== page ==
BEM For Beginners: Why You Need BEM

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BEM makes your code scalable and reusable, thus increasing productivity and facilitating teamwork. Even if you are the only member of the team, BEM can be useful for you. Nevertheless, many developers believe that such a system approach like BEM puts additional boundaries on their project and makes your project overloaded, cumbersome, and slow.

We’ll be collecting all of the main aspects of BEM in a condensed form. This article helps you understand the basic ideas of BEM in just 20 minutes, and to reject prejudices that the system approach is detrimental to your project.

The Big BEM consists of Methodology, Technologies, Libraries, and Tools. In this article, we’ll talk more about the methodology itself because it is the concentrated experience of a huge number of developers and it brings a systematic approach to any project.

In order to show you some practical cases of BEM, we’ll touch on the BEM technologies and completely skip the libraries and tools.

From theory to practice:

  • The Main Reasons Why We Do Not Use Any Selectors Except Classes
  • The Basics Of BEM
  • Blocks And Elements
  • Modifiers And Mixes
  • Blocks In The File Structure
  • Non-Evident Advantages Of The Methodology
  • Practical Case: BEM Is Not Only For CSS
  • BEM Is A Customizable System

So, is BEM a hero or a villain? It’s up to you! But first, read the article.

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CSS styles isolation is the most frequent start point of the BEM usage. But this is the least that BEM can give you. BEM brings a system approach in your project and keeps it from the mess.
BEM makes your code scalable and reusable, thus increasing productivity and facilitating teamwork. Even if you are the only member of the team, BEM can be useful for you. Nevertheless, many developers believe that such a system approach like BEM puts additional boundaries on their project and makes your project overloaded, cumbersome, and slow.

We’ll be collecting all of the main aspects of BEM in a condensed form. This article helps you understand the basic ideas of BEM in just 20 minutes, and to reject prejudices that the system approach is detrimental to your project.

The Big BEM consists of Methodology, Technologies, Libraries, and Tools. In this article, we’ll talk more about the methodology itself because it is the concentrated experience of a huge number of developers and it brings a systematic approach to any project.

In order to show you some practical cases of BEM, we’ll touch on the BEM technologies and completely skip the libraries and tools.

The Main Reasons Why We Do Not Use Any Selectors Except Classes One of the basic rules of the BEM methodology is to use only class selectors. In this section, we’ll explain why.

  • Why don’t we use IDs?
  • Why don’t we use tag selectors?
  • Why don’t we use a universal selector?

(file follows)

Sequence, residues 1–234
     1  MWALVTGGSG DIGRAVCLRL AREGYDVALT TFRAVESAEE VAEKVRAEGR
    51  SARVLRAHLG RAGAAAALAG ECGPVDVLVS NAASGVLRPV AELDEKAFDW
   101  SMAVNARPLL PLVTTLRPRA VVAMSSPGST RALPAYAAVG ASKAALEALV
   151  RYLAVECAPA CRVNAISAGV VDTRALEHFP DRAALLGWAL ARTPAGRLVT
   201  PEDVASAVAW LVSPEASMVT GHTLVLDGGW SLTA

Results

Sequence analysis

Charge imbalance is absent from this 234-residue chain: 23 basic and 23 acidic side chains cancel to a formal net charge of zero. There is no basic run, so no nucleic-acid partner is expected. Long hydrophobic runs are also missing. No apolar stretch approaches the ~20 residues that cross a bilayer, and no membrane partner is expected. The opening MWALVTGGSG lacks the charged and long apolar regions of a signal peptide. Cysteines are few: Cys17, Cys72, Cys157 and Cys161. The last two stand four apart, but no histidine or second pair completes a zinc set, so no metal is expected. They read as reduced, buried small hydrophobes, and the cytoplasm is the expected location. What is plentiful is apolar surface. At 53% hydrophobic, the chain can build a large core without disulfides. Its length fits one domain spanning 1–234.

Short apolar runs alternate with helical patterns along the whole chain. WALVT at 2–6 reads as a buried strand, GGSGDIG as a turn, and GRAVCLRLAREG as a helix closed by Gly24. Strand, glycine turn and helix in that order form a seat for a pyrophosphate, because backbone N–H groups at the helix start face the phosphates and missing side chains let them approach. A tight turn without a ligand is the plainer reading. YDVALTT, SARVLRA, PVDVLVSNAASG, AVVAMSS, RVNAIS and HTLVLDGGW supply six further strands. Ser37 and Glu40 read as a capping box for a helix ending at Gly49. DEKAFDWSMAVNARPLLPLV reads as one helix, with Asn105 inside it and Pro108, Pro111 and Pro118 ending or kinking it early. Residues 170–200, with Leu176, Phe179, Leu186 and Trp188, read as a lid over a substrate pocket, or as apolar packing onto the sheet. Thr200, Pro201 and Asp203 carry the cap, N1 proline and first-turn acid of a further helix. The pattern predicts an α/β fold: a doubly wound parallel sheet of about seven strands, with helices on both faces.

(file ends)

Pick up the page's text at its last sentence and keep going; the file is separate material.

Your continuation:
• Why don’t we use CSS reset?
  • Why don’t we use nested selectors?
  • Why don’t we combine a tag and a class in a selector?
  • Why don’t we use combined selectors
  • Why don’t we use attribute selectors?
  • WE DON’T USE IDS (ID SELECTORS)

The ID provides a unique name for an HTML element. If the name is unique, you can’t reuse it in the interface. This prevents you from reusing the code.

WE DON’T USE TAG SELECTORS

HTML page markup is unstable: A new design can change the nesting of the sections, heading levels (for example, from <h1> to <h3>) or turn the <p> paragraph into the <div> tag. Any of these changes will break styles that are written for tags. Even if the design doesn’t change, the set of tags is limited. To use an existing layout in another project, you have to solve conflicts between styles written for the same tags.

An extended set of semantic tags can’t meet all layout needs, either.

An example is when the page header contains a logo. A click on the logo opens the main page of the site (index). You can mark it up with tags by using the <img> tag for the image and the <a> tag for the link.

CSS reset is a set of global CSS rules created for the whole page. These styles affect all layout nodes, violate the independence of components, and make it harder to reuse them.

In BEM, “reset” and “normalize” aren’t even used for a single block. Resetting and normalization cancel existing styles and replace them with other styles, which you will have to change and update later in any case. As a result, the developer has to write styles that override the ones that were just reset.

WE DON’T USE THE UNIVERSAL SELECTOR (*)

The universal selector indicates that the project features a style that affects all nodes in the layout. This limits reuse of the layout in other projects:

You have to additionally transfer the styles with an asterisk to the project. But in this case, the universal selector might affect the styles in the new project.
The styles with an asterisk must be added to the layout you are transferring.
In addition, a universal selector can make the project code unpredictable. For example, it can affect the styles of the universal library components.

Common styles don’t save you time. Often developers start by resetting all margins for components (* { margin: 0; padding: 0; }), but then they still set them the same as in the layout (for example, margin: 12px; padding: 30px;).

WE DON’T USE NESTED SELECTORS

Nested selectors increase code coupling and make it difficult to reuse the code.

The BEM methodology doesn’t prohibit nested selectors, but it recommends not to use them too much. For example, nesting is appropriate if you need to change styles of the elements depending on the block’s state or its assigned theme.

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